Across the country, it's all happening at the coffeehouse

In small towns and cities too, we're seeking out neighborhood havens where one can savor an espresso and a sense of community

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With Starbucks coffee bars sprouting up on every corner, and a yen for espresso sweeping the land, author Minna Morse went in search of America's hot new hangout: the neighborhood coffeehouse.

As the craze for coffee has gathered steam retail sales of specialty coffee beans and beverages will have doubled by the end of the decade- so has the yearning for a welcoming place to drink it. From Caffè Trieste in San Francisco, to the Politics and Prose bookstore and coffeehouse in Washington, D.C., patrons are singing the praises of places where they can find cappuccino and camaraderie.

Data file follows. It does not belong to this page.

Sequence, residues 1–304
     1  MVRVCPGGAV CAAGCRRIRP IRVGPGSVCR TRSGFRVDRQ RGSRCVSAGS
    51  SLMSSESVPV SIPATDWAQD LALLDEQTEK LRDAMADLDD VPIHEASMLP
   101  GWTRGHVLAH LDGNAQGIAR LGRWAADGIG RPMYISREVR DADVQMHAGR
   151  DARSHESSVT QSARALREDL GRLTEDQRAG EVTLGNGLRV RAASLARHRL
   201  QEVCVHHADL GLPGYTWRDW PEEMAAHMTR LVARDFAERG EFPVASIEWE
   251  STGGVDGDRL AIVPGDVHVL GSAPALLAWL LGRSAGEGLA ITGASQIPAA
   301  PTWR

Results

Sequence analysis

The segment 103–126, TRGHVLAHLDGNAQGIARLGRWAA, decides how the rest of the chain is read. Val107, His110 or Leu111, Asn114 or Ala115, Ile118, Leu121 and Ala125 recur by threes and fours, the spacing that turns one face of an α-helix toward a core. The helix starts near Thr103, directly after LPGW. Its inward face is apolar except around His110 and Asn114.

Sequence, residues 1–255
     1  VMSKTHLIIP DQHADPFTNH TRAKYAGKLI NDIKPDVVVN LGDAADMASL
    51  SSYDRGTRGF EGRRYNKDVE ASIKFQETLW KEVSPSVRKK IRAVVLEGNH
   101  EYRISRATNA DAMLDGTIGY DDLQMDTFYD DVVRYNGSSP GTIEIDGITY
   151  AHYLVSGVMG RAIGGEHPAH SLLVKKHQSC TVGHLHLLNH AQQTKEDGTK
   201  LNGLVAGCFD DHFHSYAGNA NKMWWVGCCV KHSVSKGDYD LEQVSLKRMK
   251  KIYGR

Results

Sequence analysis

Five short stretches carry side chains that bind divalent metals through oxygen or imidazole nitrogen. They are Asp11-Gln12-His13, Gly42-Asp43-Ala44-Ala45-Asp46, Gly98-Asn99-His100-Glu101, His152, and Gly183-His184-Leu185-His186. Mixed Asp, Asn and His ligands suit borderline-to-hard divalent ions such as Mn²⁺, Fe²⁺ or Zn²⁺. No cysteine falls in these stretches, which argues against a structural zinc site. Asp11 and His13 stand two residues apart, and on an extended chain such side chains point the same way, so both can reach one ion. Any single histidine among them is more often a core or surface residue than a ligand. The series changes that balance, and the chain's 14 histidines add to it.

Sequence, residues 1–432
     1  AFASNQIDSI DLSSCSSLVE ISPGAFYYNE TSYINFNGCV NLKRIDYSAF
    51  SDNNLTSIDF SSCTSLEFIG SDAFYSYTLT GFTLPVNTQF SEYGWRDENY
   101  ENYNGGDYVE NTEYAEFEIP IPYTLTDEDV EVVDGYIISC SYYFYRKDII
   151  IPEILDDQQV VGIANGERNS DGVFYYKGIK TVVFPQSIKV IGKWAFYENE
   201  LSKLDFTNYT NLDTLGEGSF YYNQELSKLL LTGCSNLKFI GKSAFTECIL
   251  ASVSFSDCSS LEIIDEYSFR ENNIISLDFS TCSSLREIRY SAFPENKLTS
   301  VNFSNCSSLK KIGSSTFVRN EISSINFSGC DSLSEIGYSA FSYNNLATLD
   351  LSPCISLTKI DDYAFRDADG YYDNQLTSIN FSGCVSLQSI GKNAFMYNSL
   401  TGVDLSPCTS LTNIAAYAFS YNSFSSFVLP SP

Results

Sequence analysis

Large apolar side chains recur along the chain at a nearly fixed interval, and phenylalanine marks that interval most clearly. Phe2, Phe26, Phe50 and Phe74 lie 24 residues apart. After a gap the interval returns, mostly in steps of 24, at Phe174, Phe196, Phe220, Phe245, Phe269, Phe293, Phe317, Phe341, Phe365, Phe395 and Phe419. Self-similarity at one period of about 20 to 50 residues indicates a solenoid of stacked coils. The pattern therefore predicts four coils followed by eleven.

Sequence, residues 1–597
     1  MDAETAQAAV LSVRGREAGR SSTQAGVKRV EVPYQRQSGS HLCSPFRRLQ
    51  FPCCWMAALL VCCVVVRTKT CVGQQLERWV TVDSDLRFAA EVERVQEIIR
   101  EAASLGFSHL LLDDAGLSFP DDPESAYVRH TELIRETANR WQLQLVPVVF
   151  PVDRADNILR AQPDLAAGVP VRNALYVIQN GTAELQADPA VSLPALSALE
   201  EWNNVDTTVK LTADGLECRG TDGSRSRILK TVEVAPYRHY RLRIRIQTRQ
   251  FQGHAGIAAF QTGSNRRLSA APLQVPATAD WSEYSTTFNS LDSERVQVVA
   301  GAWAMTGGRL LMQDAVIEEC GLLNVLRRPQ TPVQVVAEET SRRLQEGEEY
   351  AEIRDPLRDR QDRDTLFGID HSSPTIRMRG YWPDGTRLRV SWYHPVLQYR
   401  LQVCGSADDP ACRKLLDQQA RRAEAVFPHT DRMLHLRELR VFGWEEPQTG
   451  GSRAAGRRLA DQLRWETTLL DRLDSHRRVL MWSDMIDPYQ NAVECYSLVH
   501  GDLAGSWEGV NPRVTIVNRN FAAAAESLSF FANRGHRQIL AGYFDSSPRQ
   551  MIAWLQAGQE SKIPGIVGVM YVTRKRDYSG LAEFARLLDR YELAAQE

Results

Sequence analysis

The coffeehouse clientele harks back to a noble tradition. The world's first coffeehouse is said to have opened in Damascus in 1530. Coffee began appearing in Europe in the early 17th century, with each country evolving a distinctive coffeehouse culture, from England to Austria.

Today, in a world where everyday life seems increasingly anonymous and fragmented, students and freelance workers, retirees and mothers with babies, singles and couples, are finding a new community center: their local coffeehouse. Even in sitcom land, we're heading there--as the characters in the megahit Friends can attest, converging weekly at Central Perk.

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